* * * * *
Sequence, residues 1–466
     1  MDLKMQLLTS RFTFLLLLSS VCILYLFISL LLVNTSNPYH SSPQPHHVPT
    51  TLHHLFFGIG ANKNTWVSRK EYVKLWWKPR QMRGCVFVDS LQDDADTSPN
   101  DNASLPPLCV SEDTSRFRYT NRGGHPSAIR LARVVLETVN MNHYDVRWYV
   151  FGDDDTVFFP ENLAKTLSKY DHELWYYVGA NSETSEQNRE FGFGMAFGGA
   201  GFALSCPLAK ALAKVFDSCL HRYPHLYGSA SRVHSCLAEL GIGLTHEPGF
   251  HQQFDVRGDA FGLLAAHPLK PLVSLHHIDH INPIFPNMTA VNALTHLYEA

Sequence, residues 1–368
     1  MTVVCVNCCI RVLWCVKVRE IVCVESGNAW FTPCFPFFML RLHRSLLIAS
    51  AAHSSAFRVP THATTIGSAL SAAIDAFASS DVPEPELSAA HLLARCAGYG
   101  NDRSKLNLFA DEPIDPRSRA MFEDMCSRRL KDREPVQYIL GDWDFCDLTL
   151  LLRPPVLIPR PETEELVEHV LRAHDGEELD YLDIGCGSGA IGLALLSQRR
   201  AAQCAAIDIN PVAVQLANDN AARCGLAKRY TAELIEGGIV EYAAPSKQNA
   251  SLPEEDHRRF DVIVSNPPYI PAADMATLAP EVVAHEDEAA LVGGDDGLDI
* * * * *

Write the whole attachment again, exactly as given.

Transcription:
Sequence, residues 1–466
     1  MDLKMQLLTS RFTFLLLLSS VCILYLFISL LLVNTSNPYH SSPQPHHVPT
    51  TLHHLFFGIG ANKNTWVSRK EYVKLWWKPR QMRGCVFVDS LQDDADTSPN
   101  DNASLPPLCV SEDTSRFRYT NRGGHPSAIR LARVVLETVN MNHYDVRWYV
   151  FGDDDTVFFP ENLAKTLSKY DHELWYYVGA NSETSEQNRE FGFGMAFGGA
   201  GFALSCPLAK ALAKVFDSCL HRYPHLYGSA SRVHSCLAEL GIGLTHEPGF
   251  HQQFDVRGDA FGLLAAHPLK PLVSLHHIDH INPIFPNMTA VNALTHLYEA

Sequence, residues 1–368
     1  MTVVCVNCCI RVLWCVKVRE IVCVESGNAW FTPCFPFFML RLHRSLLIAS
    51  AAHSSAFRVP THATTIGSAL SAAIDAFASS DVPEPELSAA HLLARCAGYG
   101  NDRSKLNLFA DEPIDPRSRA MFEDMCSRRL KDREPVQYIL GDWDFCDLTL
   151  LLRPPVLIPR PETEELVEHV LRAHDGEELD YLDIGCGSGA IGLALLSQRR
   201  AAQCAAIDIN PVAVQLANDN AARCGLAKRY TAELIEGGIV EYAAPSKQNA
   251  SLPEEDHRRF DVIVSNPPYI PAADMATLAP EVVAHEDEAA LVGGDDGLDI